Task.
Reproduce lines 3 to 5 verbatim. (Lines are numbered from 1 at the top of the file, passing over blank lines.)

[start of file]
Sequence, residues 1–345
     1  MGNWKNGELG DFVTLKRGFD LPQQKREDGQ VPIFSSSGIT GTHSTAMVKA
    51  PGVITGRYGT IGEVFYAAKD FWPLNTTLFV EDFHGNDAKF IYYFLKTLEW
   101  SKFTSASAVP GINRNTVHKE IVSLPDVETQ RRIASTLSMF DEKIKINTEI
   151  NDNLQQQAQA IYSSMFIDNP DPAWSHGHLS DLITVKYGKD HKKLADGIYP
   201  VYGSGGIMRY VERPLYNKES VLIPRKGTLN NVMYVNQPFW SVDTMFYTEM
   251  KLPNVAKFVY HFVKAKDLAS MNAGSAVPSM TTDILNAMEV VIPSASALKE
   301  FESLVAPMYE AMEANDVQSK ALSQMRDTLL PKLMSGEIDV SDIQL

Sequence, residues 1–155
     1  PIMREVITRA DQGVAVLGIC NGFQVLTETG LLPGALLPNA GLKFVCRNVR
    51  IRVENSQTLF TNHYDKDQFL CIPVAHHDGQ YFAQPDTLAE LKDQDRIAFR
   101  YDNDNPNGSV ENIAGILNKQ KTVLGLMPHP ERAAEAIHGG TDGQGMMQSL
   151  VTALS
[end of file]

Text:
    51  PGVITGRYGT IGEVFYAAKD FWPLNTTLFV EDFHGNDAKF IYYFLKTLEW
   101  SKFTSASAVP GINRNTVHKE IVSLPDVETQ RRIASTLSMF DEKIKINTEI
   151  NDNLQQQAQA IYSSMFIDNP DPAWSHGHLS DLITVKYGKD HKKLADGIYP